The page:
ABOUT ROYALENE DOYLE: Royalene has been writing something since before kindergarten days and continues to love the process. Through her small business—DOYLE WRITING SERVICES—she brings more than 40 years of writing experience to authors who need “just a little assistance” with completing their projects. She developed these blogs for Outskirts Press (OP) a leading self-publisher, and occasionally accepts a ghostwriting project from one of their clients. Her recent book release (with OP) titled FIREPROOF PROVERBS, A Writer’s Study of Words, has received excellent reviews including several professional writer’s endorsements given on the book’s back cover.
Royalene’s writing experience grew through a wide variety of positions from Office Manager and Administrative Assistant to Teacher of Literature and Advanced Writing courses and editor/writer for an International Christian ministry. Her willingness to listen to struggling authors, learn their goals and expectations and discern their writing voice has brought many manuscripts into the published books arena. December 2017 marked the end of Royalene’s tenure at Self Publishing Advisor. and we will be spending the next few weeks celebrating some of her all-time hits, her most well-received articles for our blog, in thanks for years of generous service.

10 Ways to Overcome Writer’s Block

When you envision your dream writing life, you probably picture yourself somewhere peaceful like a park or a coffee shop, filled with inspiration and steadily writing away. But this is not the reality for most writers. No, most of us often find ourselves staring at a blank screen or page with no idea where to begin. Most of us struggle to accomplish our writing goals because we have writer’s block, but don’t worry. There are plenty of easy ways to overcome this writing obstacle. Here are the top ten.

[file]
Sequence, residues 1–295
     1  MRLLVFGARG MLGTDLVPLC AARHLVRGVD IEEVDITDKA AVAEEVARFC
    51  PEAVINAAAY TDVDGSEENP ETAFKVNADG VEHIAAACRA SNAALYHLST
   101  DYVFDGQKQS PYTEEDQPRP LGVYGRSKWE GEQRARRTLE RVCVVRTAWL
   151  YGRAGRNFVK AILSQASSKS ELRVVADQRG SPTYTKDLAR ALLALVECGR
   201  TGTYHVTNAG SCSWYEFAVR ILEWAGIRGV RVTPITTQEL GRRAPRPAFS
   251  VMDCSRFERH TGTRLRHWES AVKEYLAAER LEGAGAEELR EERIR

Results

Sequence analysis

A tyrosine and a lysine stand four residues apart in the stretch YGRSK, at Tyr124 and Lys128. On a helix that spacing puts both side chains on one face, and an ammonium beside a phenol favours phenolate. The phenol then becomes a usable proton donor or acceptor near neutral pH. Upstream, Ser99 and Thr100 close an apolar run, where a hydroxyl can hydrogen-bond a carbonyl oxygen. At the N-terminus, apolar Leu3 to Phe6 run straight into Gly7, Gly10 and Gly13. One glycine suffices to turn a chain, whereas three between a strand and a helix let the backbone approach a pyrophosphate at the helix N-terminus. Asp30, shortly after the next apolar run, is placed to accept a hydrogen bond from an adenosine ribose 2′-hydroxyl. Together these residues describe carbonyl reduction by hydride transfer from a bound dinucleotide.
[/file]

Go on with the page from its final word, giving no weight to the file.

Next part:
1. Don’t strive for perfection, yet.

First drafts don’t have to be perfect. In the beginning, don’t worry about writing the perfect story, book, or poem. Don’t even worry about grammar and spelling. For now, just write.

2. Always be prepared.

You never know when inspiration will strike, so always be prepared to write. Keep a notebook and pen with you or download an app that let’s you jot down your thoughts.

3. Get some exercise.

I am giving you permission to walk away from your writing and do something physical. You’ll come back refreshed and you may even get some great ideas while you are working out. Often, the best ideas come when we aren’t trying to think of them.

4. Write out of order.

Who says you have to start your project at the beginning? If you are stuck on how to begin, jump to the middle or write the ending first.

5. Change your scenery.

Take your laptop or notebook and write somewhere different. Go to a park, coffee shop, the mall, your front yard, anywhere but where you normally write. You’ll be amazed at how a change in scenery can inspire you.

6. Let other artist inspire you.

Listen to music. Read some poetry. Visit an art gallery. Watch a movie. Let the work of others inspire you.

7. Take a nap.

I know you can’t write while you are sleeping, but every writer needs a little time to relax. Plus, you never know what ideas might appear in your dreams.

8. Try something new.

Novelty can spark inspiration. Take a class or go on a trip. Read a book in a genre you usually don’t read. Order an unusual food. These new experiences can bring new life to your writing.

9. Brainstorm.

Instead of trying to write an entire scene or poem, just jot down ideas as they pop in your head. You could make lists, a diagram, or just random notes.

10. Take a break.

It is okay to put a project away for a few days or weeks and come back to it.

I’d love to know, how do you overcome writer’s block?

ABOUT KELLY SCHUKNECHT: Kelly Schuknecht is the Vice President of Outskirts Press. In addition to her contributions to the Outskirts Press blog at, Kelly and a group of talented marketing experts offer book marketing services, support, and products to not only published Outskirts Press authors, but to all authors and professionals who are interested in marketing their books and/or careers. Learn more about Kelly on her blog at